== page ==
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What are dedicated car satellite radios?

Add SiriusXM programming to your daily drive

A circuitous path, involving England, New York, rural Michigan, Indiana, and lots of parts in between brought Matthew Freeman to Charlottesville, where he's been writing about mobile audio/video for Crutchfield off and on since early 2000. He fosters an eclectic taste in film, and is fond of a wide range of music. A native of Albuquerque, New Mexico, he found his way to the University of Notre Dame, where, in an act of charity unsurpassed in the history of Western civilization, he was given a B.A. in English.

More from Matt Freeman

If you plan on listening to satellite radio exclusively in your car, consider going with a dedicated car satellite radio tuner, like the SiriusXM SXV300V1. This compact "black box" receives the satellite signal from an antenna that you mount on your vehicle's roof, and then sends it to your car stereo. The big benefit in adding a dedicated car satellite radio tuner is that all the controls for satellite radio are on your aftermarket car stereo. You can see the artist, song title, and other station information on the display of the stereo, and you'll be able to save your stations on presets, just like AM and FM stations.

SiriusXM SXV300V1

The SiriusXM SXV300V1 tuner works with your satellite radio-ready in-dash stereo.

Car stereo model-specific

To use a dedicated car satellite radio, you have to use a car stereo that is compatible with the satellite tuner. You’ll want to confirm that your car stereo is “satellite-ready” and compatible with the tuner you select.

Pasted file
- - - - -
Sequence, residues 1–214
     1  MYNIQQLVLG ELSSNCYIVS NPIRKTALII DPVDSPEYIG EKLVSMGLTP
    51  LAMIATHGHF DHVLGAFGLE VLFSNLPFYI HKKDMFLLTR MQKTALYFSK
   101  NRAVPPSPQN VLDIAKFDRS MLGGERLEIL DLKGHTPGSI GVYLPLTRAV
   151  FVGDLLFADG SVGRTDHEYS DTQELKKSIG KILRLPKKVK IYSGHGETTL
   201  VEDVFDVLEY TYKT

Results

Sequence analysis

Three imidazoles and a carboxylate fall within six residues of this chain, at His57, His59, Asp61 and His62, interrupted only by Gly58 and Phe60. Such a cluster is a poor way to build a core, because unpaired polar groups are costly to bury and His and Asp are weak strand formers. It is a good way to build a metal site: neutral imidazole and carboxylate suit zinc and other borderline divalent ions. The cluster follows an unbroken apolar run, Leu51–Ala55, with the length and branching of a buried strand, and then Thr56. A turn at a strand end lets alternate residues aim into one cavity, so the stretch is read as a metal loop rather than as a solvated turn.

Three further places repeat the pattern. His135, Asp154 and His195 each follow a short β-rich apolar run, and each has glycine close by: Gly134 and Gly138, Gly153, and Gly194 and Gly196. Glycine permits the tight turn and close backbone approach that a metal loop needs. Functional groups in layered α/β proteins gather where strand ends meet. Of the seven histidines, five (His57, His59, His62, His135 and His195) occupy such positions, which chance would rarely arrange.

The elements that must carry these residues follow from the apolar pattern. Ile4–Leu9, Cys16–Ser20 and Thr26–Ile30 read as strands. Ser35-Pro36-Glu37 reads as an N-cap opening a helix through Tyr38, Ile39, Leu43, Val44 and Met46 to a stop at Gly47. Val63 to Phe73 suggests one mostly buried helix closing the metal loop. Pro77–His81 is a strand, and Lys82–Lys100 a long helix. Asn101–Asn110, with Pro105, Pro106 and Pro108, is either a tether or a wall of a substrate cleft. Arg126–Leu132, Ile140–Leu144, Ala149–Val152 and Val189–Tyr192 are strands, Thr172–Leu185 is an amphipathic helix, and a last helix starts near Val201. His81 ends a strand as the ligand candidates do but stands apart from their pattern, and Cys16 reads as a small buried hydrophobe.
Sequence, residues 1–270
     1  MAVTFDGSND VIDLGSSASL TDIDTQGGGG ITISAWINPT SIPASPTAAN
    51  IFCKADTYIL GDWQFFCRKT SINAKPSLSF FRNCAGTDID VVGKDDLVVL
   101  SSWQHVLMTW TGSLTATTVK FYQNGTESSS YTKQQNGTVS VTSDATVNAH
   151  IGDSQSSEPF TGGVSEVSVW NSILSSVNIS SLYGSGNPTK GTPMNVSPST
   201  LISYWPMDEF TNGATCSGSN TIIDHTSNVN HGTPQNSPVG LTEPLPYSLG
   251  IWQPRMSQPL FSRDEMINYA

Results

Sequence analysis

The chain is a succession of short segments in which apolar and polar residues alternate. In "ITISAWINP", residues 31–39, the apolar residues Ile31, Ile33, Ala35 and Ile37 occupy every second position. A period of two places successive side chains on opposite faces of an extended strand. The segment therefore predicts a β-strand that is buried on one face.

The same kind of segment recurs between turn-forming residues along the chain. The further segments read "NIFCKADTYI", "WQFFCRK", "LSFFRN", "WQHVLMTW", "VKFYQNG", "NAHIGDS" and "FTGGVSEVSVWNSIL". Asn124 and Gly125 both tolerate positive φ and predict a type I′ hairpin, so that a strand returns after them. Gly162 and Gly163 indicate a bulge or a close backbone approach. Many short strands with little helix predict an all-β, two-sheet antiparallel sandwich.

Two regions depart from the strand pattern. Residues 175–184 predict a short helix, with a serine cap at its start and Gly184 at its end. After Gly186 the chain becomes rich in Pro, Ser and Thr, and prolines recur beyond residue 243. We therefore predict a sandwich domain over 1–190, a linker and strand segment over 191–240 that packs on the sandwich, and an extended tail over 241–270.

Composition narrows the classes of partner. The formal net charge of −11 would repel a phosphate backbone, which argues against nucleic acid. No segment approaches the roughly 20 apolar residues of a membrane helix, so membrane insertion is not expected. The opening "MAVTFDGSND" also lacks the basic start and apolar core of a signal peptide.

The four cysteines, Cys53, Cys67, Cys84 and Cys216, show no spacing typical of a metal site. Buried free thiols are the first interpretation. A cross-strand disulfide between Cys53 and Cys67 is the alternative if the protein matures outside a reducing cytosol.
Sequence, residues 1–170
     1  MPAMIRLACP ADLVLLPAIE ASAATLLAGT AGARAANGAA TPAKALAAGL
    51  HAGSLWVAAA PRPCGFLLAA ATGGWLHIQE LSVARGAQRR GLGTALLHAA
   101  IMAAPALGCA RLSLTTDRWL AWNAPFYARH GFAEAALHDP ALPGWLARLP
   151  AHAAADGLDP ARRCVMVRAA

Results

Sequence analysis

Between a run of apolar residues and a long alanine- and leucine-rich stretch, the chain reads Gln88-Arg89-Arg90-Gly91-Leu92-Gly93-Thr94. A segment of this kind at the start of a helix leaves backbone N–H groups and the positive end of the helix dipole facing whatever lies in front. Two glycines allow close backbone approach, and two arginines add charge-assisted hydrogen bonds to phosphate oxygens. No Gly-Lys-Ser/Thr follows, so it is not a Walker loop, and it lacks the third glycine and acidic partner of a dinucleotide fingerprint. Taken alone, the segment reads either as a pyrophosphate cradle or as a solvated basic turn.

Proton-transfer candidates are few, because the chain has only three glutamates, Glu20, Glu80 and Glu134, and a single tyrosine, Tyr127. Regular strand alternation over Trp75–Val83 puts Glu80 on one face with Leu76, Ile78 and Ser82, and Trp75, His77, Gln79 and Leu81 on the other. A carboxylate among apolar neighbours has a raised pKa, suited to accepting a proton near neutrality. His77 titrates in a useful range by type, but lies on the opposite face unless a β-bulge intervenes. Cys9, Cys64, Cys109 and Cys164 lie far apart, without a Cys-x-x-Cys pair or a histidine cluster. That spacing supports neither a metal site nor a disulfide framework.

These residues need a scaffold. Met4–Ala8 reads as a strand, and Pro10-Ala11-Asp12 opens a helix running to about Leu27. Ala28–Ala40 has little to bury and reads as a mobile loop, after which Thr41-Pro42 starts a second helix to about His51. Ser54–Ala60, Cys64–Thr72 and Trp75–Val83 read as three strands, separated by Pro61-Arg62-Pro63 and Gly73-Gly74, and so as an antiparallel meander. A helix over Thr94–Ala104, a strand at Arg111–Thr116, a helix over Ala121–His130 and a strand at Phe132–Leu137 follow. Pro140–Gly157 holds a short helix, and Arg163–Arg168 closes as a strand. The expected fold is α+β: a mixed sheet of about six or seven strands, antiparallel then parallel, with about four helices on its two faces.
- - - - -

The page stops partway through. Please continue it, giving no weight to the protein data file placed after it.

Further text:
Connecting the radio

A single cable connects the satellite radio to your stereo. This cable provides power to the radio, and sends the satellite radio signal to the in-dash stereo. Because it's a direct, high-grade connection, a brand-specific satellite radio offers the best sound quality out of all the options you have for your vehicle.

Mounting the satellite radio

The satellite radio tuner can be mounted out of sight, such as under a seat, in the glove box, or even behind the car stereo. Once you've hooked everything up, you have no need to access it. You have to connect the cable that goes to the stereo and the wire from the antenna you've mounted on the roof.

Learn more about SiriusXM satellite radio

To learn more about your SiriusXM options, check out our entire collection of satellite radio articles and videos.

Last updated April 25, 2016
  • jackie from taylors sc

    Posted on 9/26/2015 5:39:20 PM

    If the wire to the magnet part breaks can it be spliced back together ??!??

  • Jon Paulette from Crutchfield

    Posted on 9/28/2015 10:20:10 AM

    Jackie, If the device is still under warranty, that might be the better place to start. If you bought the gear from Crutchfield, you can call Tech Support for free troubleshooting help. If you purchased your equipment elsewhere, you can still get expert Crutchfield Tech Support - 90 days-worth for only $30. Check out our tech support page for details. Good luck!

  • Paul R from New York

    Posted on 4/22/2016 5:33:54 PM

    My dedicated radio says "SIRIUS READY" and I have a Sirius subscription but all the tuners say Sirius/Xm. Can I use these tuners or do I have to find a Sirius tuner?

  • Jon Paulette from Crutchfield

    Posted on 4/25/2016 9:54:03 AM

    Paul, You will need to find a Sirius tuner for that radio.

  • Ryan from Lexington

    Posted on 7/11/2016 1:55:45 PM

    I have a 2008 Chevy HHR with the upgraded Pioneer factory system. Will the sxv300 work with it?

  • Jon Paulette from Crutchfield

    Posted on 7/12/2016 9:59:50 AM

    Ryan, The SXV300V1 works exclusively with aftermarket in-dash receivers that have a "SiriusXM-Ready" logo. A "dock and play" SiriusXM satellite radio would be the best choice if you're planning to keep the stock radio.